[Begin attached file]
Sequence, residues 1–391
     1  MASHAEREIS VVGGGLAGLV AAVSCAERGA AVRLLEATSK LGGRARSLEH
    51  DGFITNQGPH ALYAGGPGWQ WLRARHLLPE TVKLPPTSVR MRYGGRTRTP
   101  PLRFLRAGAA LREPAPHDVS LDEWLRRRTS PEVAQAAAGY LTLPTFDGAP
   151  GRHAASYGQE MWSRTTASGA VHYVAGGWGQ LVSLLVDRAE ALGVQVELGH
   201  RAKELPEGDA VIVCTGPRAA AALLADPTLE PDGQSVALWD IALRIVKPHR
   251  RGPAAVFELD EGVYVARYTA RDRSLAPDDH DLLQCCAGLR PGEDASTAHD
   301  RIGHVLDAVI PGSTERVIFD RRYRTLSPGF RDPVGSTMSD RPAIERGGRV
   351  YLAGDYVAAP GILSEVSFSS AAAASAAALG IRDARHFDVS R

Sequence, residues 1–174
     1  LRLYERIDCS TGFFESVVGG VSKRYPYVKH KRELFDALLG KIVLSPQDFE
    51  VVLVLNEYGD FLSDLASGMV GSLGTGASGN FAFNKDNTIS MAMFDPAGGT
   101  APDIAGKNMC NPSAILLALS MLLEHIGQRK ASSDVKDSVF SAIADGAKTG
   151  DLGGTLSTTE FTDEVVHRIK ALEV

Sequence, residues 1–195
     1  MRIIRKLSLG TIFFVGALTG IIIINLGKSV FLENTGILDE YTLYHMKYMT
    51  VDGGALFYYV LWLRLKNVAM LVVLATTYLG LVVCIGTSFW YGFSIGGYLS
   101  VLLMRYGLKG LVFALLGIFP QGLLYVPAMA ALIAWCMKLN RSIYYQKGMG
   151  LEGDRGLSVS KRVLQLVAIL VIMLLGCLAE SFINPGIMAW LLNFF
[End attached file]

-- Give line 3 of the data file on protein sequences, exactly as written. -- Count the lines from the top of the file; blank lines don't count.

    51  DGFITNQGPH ALYAGGPGWQ WLRARHLLPE TVKLPPTSVR MRYGGRTRTP